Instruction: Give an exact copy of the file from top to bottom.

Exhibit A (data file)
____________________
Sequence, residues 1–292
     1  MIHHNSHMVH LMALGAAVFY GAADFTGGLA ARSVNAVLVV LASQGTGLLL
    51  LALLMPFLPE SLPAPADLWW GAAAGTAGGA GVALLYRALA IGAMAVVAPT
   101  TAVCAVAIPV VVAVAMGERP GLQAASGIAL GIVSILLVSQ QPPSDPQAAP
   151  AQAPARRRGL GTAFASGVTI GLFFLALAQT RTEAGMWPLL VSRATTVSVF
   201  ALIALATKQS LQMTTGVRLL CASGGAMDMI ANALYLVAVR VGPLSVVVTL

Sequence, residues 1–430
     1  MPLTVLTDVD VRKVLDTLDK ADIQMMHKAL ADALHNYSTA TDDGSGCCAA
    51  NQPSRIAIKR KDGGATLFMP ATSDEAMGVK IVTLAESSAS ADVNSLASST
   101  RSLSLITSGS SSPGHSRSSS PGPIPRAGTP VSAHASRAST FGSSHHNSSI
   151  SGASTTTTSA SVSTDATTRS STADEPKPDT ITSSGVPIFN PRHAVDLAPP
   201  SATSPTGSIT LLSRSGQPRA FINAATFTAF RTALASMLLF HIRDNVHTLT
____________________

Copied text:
Sequence, residues 1–292
     1  MIHHNSHMVH LMALGAAVFY GAADFTGGLA ARSVNAVLVV LASQGTGLLL
    51  LALLMPFLPE SLPAPADLWW GAAAGTAGGA GVALLYRALA IGAMAVVAPT
   101  TAVCAVAIPV VVAVAMGERP GLQAASGIAL GIVSILLVSQ QPPSDPQAAP
   151  AQAPARRRGL GTAFASGVTI GLFFLALAQT RTEAGMWPLL VSRATTVSVF
   201  ALIALATKQS LQMTTGVRLL CASGGAMDMI ANALYLVAVR VGPLSVVVTL

Sequence, residues 1–430
     1  MPLTVLTDVD VRKVLDTLDK ADIQMMHKAL ADALHNYSTA TDDGSGCCAA
    51  NQPSRIAIKR KDGGATLFMP ATSDEAMGVK IVTLAESSAS ADVNSLASST
   101  RSLSLITSGS SSPGHSRSSS PGPIPRAGTP VSAHASRAST FGSSHHNSSI
   151  SGASTTTTSA SVSTDATTRS STADEPKPDT ITSSGVPIFN PRHAVDLAPP
   201  SATSPTGSIT LLSRSGQPRA FINAATFTAF RTALASMLLF HIRDNVHTLT